Hargreaves profits fall 5% amid lower margins and stockmarket falls

Hargreaves Lansdown pre-tax profits fell 5 per cent to £199m for the year, pushed down by lower margins and stockmarket falls.

Its preliminary results to the year ending 30 June, published today, showed pre-tax profits at the firm were down from £209.8m at the same time last year.

Hargreaves partly attributes the fall in profits to lower margins. It says reduced client charges pushed down revenue by £20m year-on-year, while lower margins on client cash cost £17m.

Profits have also been impacted by stockmarket falls and the jump in Hargreaves’ Financial Services Compensation Scheme levy from £800,000 to £4.4m.

Total assets under administration have passed the £55bn mark, an increase of 18 per cent from £46.9bn as at 30 June 2014.

The company has also benefitted from pension freedoms, with £1.6bn in net new pension business in the six months to 30 June, up 33 per cent from the same time last year.

Chief executive Ian Gorham says: “Whilst clients and assets again grew substantially, profit faced several headwinds – our decision to reduce charges for clients; lower interest margins on client cash; lower stock markets as the FTSE All Share fell 0.8 per cent in the year; an unexpected temporary hiatus in foreign exchange trading income; and a charge for a contribution to the FSCS to cover the failings of less reputable companies.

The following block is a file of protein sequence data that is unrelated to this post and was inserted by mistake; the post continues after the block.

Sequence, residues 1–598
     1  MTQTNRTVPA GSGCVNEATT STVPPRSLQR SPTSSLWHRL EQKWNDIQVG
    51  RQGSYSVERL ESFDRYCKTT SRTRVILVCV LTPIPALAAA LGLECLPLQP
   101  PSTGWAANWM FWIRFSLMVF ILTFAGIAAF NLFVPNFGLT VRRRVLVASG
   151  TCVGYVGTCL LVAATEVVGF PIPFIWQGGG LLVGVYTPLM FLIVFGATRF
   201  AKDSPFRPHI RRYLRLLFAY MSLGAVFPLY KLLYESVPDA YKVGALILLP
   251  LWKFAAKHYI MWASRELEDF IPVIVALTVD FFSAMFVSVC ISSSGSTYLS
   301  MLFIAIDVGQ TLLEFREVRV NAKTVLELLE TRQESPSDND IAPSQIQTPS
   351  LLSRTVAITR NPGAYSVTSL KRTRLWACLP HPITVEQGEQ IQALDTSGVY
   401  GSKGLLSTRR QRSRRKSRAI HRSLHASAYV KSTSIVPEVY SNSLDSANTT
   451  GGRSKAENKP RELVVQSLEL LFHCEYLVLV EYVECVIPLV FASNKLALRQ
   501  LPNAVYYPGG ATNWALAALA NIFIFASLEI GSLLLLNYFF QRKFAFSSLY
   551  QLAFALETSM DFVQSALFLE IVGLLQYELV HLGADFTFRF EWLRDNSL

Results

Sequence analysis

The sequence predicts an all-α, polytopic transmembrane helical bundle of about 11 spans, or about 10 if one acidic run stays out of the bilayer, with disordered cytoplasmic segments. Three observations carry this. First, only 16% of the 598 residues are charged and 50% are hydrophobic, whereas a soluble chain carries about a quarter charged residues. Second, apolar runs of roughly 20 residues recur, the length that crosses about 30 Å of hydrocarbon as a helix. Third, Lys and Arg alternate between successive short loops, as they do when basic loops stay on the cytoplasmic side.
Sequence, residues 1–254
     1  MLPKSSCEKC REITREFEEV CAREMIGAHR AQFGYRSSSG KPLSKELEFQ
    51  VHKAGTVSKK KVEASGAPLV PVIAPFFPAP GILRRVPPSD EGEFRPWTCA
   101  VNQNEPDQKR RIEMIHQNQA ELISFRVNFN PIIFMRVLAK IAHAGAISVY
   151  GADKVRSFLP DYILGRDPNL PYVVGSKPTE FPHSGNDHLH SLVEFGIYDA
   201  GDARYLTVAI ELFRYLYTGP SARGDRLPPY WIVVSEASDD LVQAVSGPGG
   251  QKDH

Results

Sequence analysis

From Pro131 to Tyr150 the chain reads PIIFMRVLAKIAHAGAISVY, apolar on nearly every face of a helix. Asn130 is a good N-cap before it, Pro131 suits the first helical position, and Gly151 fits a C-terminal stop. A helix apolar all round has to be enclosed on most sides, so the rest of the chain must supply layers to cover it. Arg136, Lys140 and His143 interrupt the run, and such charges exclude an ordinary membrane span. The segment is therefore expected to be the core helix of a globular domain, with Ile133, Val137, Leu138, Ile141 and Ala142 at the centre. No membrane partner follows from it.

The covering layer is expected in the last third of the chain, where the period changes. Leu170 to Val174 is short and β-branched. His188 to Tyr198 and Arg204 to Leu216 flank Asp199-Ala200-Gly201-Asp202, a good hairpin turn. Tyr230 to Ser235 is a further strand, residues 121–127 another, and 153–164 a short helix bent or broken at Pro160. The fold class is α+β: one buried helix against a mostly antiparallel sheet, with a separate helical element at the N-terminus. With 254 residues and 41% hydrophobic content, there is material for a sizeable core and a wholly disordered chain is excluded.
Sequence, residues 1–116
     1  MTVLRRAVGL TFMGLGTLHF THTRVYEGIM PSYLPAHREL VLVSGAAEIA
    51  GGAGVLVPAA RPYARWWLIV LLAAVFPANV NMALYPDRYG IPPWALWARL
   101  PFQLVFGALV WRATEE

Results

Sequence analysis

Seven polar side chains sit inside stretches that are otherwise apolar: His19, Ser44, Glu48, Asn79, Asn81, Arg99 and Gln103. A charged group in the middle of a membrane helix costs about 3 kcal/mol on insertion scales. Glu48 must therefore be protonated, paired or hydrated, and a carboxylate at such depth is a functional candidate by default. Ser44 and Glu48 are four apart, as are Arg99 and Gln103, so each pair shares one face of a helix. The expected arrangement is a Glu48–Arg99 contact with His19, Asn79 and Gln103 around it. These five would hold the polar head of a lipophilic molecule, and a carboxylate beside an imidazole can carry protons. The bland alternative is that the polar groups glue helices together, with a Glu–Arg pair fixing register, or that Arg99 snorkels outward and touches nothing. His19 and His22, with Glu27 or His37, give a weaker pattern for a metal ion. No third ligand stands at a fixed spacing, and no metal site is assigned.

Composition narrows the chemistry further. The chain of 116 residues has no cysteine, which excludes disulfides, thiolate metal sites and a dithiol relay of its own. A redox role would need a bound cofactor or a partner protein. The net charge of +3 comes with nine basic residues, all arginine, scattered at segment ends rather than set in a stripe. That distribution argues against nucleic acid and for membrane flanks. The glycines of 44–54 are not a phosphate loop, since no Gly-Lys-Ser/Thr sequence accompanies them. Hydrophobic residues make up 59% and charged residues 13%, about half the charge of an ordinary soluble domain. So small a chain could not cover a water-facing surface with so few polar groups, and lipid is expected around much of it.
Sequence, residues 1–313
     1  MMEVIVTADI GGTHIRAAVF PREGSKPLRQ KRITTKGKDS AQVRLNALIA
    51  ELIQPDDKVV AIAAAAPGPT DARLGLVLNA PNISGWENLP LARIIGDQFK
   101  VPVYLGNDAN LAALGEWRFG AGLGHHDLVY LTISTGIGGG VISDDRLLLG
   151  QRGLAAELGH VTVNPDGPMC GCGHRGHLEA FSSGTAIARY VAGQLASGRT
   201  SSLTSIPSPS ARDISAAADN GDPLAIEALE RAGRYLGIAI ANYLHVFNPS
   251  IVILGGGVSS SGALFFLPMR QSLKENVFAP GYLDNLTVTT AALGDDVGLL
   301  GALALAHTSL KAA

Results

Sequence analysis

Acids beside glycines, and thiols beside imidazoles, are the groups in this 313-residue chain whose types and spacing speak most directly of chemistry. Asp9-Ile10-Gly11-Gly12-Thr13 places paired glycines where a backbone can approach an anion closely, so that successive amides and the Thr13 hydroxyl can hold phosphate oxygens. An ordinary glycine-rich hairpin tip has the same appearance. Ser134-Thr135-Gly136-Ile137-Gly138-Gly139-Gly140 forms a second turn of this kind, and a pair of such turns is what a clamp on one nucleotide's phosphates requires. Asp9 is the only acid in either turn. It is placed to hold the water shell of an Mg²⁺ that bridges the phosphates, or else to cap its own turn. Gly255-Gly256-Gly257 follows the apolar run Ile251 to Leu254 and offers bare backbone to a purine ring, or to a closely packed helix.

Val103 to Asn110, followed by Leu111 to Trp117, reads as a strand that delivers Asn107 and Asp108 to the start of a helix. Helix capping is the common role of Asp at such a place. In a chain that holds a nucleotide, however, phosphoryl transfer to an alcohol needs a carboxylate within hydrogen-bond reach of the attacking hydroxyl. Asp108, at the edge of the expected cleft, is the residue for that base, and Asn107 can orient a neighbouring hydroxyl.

“The impact of these headwinds will be less pronounced, or in the case of the foreign exchange trading income will not be repeated at all, in 2016.”

Hargreaves Lansdown is also looking to build on its robo-advice offering and move into peer-to-peer lending as part of plans to develop the business post-RDR.

Following the launch of its Portfolio + multi-manager service in June, Hargreaves says if this is successful it will also consider “further expanding our stable of simple online investing tools, sometimes referred to as ‘robo-advice’.”

It expects to roll out peer-to-peer lending and cash management services in the second half of next year in a bid to attract investors looking for better returns on cash than are currently available.